This is according to a new survey carried out by ICM Research, which conducted online interviews with 500 major English companies in February and asked them to rate the employability of people with various qualifications on a scale of one to ten.
It was revealed apprentices are 15 per cent more suited to a role than many other applicants, with higher, degree-level apprenticeships deemed the most desirable, receiving a score of 7.36 out of ten.
Meanwhile, those with university degrees were rated at 7.58, while the average for all other qualifications was 6.382.
Large firms like British Airways, PwC, Unilever and the UK Space Agency are involved in a nationwide apprenticeship scheme that allows participants to undertake degree-level study at the same time as getting paid.
PwC claimed it recruited approximately 100 school leavers last year and has plans to take on a further 70 higher apprentices this year.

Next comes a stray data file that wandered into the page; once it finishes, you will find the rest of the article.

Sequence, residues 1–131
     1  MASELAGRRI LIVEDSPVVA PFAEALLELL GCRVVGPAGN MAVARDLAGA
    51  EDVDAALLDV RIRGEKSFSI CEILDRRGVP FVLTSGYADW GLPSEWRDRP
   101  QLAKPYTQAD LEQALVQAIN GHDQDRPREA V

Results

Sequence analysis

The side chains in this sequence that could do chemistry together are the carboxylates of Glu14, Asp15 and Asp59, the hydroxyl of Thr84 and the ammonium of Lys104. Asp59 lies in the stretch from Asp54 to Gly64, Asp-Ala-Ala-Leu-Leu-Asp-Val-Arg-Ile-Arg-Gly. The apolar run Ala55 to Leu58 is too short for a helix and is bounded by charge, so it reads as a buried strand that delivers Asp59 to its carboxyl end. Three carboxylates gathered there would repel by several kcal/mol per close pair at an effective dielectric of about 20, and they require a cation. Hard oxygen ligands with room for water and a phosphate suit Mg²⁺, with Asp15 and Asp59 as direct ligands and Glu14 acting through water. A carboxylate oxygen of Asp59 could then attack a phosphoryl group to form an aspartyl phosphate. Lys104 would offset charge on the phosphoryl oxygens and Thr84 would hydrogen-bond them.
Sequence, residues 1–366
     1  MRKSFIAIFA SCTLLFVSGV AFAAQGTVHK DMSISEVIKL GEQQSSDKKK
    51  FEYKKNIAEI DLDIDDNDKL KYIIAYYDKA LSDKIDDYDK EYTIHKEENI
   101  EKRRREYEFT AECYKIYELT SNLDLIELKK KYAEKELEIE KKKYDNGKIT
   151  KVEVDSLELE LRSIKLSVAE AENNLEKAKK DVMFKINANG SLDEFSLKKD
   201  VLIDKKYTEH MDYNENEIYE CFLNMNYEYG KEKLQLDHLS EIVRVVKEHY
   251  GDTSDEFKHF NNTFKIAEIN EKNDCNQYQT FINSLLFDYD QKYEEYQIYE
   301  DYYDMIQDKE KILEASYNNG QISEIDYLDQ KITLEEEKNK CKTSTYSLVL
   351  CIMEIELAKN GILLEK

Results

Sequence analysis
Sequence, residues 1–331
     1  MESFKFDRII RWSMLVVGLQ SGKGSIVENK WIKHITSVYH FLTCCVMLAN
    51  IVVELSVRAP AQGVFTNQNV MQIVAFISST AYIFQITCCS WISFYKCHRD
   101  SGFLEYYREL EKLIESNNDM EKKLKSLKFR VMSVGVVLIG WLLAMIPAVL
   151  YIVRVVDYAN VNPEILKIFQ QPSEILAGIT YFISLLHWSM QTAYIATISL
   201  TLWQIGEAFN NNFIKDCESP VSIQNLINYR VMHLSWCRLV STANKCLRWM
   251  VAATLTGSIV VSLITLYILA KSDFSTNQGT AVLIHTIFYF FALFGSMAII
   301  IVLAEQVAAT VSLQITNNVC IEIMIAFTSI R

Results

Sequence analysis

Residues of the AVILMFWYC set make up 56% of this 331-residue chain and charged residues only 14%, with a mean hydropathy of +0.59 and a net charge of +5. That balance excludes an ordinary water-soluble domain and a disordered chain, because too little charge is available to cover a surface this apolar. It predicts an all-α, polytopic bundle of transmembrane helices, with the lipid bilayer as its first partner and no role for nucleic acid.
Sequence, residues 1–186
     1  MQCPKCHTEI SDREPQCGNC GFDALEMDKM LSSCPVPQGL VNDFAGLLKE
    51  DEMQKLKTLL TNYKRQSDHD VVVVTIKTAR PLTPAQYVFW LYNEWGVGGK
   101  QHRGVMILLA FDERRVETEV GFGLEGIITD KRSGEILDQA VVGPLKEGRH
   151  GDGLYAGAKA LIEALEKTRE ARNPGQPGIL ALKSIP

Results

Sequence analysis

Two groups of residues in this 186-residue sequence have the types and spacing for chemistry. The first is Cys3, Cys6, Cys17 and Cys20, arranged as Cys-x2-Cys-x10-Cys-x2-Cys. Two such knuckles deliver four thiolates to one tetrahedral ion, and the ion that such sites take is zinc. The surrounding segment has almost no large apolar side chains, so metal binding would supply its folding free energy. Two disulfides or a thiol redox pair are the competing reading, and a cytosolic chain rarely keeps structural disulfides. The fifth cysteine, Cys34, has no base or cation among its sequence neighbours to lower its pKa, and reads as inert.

Skills minister Matthew Hancock stated the government is looking for apprenticeships and university to become the new norm for young people leaving school, with higher apprenticeships in particular standing out as an excellent way to enter high-profile careers.
In 2012, the coalition provided funding for 4,230 placements in the second round of its £25 million higher apprenticeships initiative. This year, the apprenticeships will be available in a total of 41 subjects, such as interactive media, engineering environment technologies, legal services and space engineering.
David Way, executive director of the National Apprenticeship Service, said it is accepted that apprenticeships can deliver real business benefits for employers.
“At the same time, they can provide young people with a nationally recognised work-based route into professions that have traditionally been the preserve of graduates,” he added.
This comes after business secretary Vince Cable promised last year the government would be looking to help boost equality and diversity in the workplace by tackling skills shortages and increasing participation by under-represented groups.